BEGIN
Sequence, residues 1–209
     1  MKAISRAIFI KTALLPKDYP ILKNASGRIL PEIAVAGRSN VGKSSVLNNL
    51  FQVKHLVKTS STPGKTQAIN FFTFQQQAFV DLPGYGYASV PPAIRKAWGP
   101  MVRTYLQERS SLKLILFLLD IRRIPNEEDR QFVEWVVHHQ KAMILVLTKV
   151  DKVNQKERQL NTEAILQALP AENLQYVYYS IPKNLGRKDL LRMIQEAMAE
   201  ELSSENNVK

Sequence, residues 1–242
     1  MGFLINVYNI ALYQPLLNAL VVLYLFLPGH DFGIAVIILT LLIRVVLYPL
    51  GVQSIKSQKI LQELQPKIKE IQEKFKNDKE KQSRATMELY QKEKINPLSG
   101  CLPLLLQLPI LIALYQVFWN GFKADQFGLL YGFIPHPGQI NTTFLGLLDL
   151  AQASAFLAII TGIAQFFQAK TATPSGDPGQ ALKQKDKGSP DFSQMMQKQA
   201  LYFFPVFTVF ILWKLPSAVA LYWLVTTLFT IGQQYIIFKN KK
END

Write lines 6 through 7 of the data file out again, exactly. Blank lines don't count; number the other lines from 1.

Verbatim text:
   201  ELSSENNVK

Sequence, residues 1–242